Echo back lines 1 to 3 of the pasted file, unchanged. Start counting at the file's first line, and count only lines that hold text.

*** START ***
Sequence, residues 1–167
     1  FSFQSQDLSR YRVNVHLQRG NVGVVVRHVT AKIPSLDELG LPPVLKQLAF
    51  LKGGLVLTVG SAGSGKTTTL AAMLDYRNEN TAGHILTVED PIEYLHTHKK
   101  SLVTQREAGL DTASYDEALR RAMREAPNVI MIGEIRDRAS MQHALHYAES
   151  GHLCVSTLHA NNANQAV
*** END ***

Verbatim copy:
Sequence, residues 1–167
     1  FSFQSQDLSR YRVNVHLQRG NVGVVVRHVT AKIPSLDELG LPPVLKQLAF
    51  LKGGLVLTVG SAGSGKTTTL AAMLDYRNEN TAGHILTVED PIEYLHTHKK